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Seattle Art Museum (SAM)




Chinese, (fl. 1620-40)

Tea preparation methods changed in the Ming dynasty: instead of whisking powdered tea with hot water in a tea bowl, boiling water was added to tea leaves to steep in teapots. Yixing wares were known for their distinctive color and ability to enhance aromas. The Chinese literati favored them in the sophisticated activity of tea-drinking. They came in a rich variety of forms—this pot evokes a melon shape.
Yixing ware; red-brown stoneware
5 7/8 in. (14.92 cm)
Overall h.: 2 5/8 in.
Diam.: 4 in.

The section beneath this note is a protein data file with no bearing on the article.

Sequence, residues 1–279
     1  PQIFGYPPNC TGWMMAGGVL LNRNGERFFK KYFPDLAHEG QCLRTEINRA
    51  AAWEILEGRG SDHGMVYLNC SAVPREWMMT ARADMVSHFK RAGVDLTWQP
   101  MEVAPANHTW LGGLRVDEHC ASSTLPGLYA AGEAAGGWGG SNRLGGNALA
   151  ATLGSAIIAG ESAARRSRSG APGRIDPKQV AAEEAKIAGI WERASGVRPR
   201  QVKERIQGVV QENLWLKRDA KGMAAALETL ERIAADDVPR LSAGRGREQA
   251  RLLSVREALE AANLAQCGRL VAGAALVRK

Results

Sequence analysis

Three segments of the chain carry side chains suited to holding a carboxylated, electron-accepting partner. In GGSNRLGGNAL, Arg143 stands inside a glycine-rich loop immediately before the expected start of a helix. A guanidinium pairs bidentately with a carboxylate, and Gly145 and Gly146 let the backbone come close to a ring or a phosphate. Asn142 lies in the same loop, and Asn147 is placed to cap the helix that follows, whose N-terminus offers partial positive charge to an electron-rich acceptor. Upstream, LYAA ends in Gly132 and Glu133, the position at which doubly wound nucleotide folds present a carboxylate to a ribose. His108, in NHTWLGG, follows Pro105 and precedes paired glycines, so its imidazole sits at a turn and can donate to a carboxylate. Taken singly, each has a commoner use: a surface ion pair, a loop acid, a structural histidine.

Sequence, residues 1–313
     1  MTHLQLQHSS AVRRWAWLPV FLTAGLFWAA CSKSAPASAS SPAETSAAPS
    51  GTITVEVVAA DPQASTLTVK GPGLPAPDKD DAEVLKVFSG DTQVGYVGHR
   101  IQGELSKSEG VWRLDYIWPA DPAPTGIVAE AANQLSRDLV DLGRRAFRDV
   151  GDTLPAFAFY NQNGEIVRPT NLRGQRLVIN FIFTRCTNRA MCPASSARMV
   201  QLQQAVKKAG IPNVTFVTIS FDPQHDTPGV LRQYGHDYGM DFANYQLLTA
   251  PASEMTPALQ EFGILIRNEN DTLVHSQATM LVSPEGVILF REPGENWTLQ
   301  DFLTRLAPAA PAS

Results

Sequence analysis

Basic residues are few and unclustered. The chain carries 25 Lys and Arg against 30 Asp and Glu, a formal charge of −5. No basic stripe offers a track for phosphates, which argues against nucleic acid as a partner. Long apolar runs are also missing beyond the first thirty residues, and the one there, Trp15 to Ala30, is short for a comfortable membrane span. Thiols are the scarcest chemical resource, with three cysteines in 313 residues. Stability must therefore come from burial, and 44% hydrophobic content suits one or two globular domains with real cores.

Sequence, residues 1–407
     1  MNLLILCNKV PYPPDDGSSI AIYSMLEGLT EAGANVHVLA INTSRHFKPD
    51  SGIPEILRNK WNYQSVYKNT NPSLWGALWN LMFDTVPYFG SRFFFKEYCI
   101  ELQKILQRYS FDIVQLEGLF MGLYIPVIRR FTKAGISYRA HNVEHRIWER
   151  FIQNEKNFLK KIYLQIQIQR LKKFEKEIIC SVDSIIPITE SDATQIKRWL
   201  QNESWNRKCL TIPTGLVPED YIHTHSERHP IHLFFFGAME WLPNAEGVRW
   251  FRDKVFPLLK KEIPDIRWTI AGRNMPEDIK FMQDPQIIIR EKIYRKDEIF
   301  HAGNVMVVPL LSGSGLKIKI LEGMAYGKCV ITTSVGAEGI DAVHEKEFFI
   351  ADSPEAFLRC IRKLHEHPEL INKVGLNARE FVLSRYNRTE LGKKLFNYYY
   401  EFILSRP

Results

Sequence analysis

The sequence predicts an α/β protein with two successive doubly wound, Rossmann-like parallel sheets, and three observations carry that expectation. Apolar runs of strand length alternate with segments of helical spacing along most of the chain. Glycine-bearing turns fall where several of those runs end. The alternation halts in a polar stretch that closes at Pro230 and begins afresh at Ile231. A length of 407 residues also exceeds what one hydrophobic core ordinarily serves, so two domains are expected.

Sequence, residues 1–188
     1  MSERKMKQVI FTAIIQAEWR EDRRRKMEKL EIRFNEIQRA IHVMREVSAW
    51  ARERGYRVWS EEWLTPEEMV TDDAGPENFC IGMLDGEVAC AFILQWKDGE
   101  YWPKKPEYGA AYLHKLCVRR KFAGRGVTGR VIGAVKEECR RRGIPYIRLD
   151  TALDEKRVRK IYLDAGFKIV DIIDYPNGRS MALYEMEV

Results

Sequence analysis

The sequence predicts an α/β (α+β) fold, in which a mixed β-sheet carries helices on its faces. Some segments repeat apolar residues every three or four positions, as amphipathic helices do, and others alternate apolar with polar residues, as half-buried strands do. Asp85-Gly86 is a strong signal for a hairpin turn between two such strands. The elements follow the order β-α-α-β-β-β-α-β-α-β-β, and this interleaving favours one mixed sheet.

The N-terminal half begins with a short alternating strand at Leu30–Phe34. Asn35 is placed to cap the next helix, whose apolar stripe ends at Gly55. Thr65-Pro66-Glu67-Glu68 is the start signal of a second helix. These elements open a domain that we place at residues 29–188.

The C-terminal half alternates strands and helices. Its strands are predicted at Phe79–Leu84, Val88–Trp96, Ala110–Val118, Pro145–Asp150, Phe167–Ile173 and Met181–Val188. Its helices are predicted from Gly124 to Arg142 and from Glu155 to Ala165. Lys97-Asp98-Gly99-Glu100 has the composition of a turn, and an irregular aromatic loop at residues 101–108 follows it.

Gift of Mr. and Mrs. Herbert Brink
Now on view at the Seattle Art Museum


Published References"Selected Works." Seattle, WA: Seattle Art Museum, 1991, p. 168

Seattle Art Museum acknowledges that we are on the traditional homelands of the Duwamish and the customary territories of the Suquamish and Muckleshoot Peoples. As a cultural and educational institution, we honor our ongoing connection to these communities past, present, and future. We also acknowledge the urban Native peoples from many Nations who call Seattle their home.

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